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Is the arena impact "not so bad," as Markowitz predicted? Yes, but... it's complicated (and beyond traffic)

I'm leading a walking tour today of Atlantic Yards/Pacific Park/Barclays Center/Prospect Heights (via Municipal Art Society), and have presented several posts in preparation. One thing to remember: the project remains very much in process. Some impacts feared, expected, or welcomed have not emerged because they were calculated on a larger/full buildout.

At the end of 2008, in his traditional end-of-the-year interview with the Brooklyn Paper's Gersh Kuntzman, Borough President Marty Markowitz made an observation about the then-stalled Atlantic Yards project:
“I always say to these folks that are viciously anti—when it’s built I hope that you’ll say to me ‘Marty, you know, it’s not so bad,’” Markowitz spritzed. “I don’t expect you to say you know you were right.  Just say to me, ‘You know what, not so bad.’ That would be to me that would be a tremendous celebration.”
He's surely gotten that wish. After all, in 2013, the New York Times declared arena-related problems "everyday irritants" and in the Daily News published a conclusory op-ed asserting Park Slope was wrong about Barclays Center.

Both were correct that the arena had caused fewer problems than feared, but also missed or downplayed its disruptions--for example, the escaping bass that has prompted the installation of the new green roof, or the regular illegal parking and idling by limos--on its nearest neighbors. And both scanted some of the larger questions about public process and government oversight.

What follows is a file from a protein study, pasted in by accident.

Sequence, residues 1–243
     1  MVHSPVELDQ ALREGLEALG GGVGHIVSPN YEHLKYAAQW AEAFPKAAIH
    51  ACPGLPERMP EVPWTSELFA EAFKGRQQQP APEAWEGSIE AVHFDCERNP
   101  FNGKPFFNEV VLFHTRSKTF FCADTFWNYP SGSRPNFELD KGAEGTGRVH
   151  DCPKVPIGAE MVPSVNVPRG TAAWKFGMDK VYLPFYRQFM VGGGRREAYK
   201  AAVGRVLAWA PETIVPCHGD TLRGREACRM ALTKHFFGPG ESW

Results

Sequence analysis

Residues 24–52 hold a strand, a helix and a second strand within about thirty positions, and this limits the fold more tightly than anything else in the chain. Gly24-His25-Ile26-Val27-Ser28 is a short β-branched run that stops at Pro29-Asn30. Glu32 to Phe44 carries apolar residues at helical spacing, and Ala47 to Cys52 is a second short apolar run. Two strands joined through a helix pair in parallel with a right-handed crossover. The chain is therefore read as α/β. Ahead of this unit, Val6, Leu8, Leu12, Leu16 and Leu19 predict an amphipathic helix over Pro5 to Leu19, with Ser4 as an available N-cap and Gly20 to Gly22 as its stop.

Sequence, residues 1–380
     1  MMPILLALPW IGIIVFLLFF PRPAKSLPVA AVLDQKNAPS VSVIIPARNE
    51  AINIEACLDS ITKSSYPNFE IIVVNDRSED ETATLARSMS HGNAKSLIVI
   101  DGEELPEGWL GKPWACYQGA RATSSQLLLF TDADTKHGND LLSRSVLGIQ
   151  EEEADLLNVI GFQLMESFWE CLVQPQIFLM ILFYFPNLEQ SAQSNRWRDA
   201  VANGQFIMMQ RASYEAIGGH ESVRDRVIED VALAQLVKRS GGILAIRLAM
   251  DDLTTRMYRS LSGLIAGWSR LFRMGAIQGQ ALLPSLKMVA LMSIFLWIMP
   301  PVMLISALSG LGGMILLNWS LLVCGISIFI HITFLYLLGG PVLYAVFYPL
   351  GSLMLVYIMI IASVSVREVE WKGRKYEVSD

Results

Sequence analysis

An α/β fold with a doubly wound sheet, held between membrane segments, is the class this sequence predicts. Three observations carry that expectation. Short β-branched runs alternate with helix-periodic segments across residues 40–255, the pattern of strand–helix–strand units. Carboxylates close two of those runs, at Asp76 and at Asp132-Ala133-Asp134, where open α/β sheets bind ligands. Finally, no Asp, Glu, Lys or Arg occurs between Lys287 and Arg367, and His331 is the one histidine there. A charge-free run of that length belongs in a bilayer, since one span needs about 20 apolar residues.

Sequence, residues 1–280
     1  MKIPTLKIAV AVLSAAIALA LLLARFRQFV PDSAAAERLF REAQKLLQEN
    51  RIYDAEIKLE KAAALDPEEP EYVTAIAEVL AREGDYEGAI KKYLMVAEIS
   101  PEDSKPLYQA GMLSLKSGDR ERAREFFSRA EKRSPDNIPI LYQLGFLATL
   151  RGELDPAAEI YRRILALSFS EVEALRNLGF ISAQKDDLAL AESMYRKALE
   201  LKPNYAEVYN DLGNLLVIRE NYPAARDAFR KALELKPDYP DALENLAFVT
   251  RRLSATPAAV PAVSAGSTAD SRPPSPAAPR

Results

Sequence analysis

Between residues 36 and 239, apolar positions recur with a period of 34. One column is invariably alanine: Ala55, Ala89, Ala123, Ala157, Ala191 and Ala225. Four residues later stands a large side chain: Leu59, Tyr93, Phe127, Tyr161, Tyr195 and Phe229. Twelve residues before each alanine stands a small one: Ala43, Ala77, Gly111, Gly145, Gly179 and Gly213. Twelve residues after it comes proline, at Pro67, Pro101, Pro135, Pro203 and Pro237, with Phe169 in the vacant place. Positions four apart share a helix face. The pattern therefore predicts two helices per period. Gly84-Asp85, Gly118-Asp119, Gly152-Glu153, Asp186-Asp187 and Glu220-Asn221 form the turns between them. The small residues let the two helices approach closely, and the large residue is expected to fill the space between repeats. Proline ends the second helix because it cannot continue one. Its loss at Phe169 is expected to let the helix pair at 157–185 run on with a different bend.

"I can see that it has a positive side"

That's continued. Last July, Carroll Gardens resident Vijay Seshadri, in a Commercial Observer interview headlined Pulitzer Poet Immortalizes Atlantic Avenue, Talks Brooklyn Development, was asked:
As a 28-year resident of the borough, what’s your view of the current and continuing development of Brooklyn (i.e. especially on Atlantic Avenue with Barclays Center and Atlantic Yards)?
His response:
I mourn the disappearance of the culture that was here when I first came to Brooklyn in the mid-eighties, but paradoxically I’m not sentimental about it. New York is always tearing itself down and building itself up again. I was opposed to the development of Atlantic Yards–I even wrote an essay for the volume Brooklyn Was Mine, which was put together as a protest to Atlantic Yards and the Barclays Center. But now that it has happened, I can see that it has a positive side to it, and the negative consequences we were fearing don’t seem to have materialized.
There was something lost, especially for people living near the Yards; and of course working people, middle-class people, are finding it very hard to live in the areas of Brooklyn that were once a refuge for them. That is a big problem for the city...
(Emphasis added)

Which negative consequences?

Seshadri, I suspect, was reflecting concern that the arena and associated buildout would cause massive traffic problems. Indeed, the state's own environmental review suggested significant problems (see Brooklyn Paper coverage) that would be partially mitigated. The Final EIS said:
As the data shown in Table 19-4 and Figures 19-5 through 19-11 indicate, a total of 35 intersections would continue to have unmitigated significant adverse traffic impacts in one or more peak hours in the 2016 Build With Mitigation condition.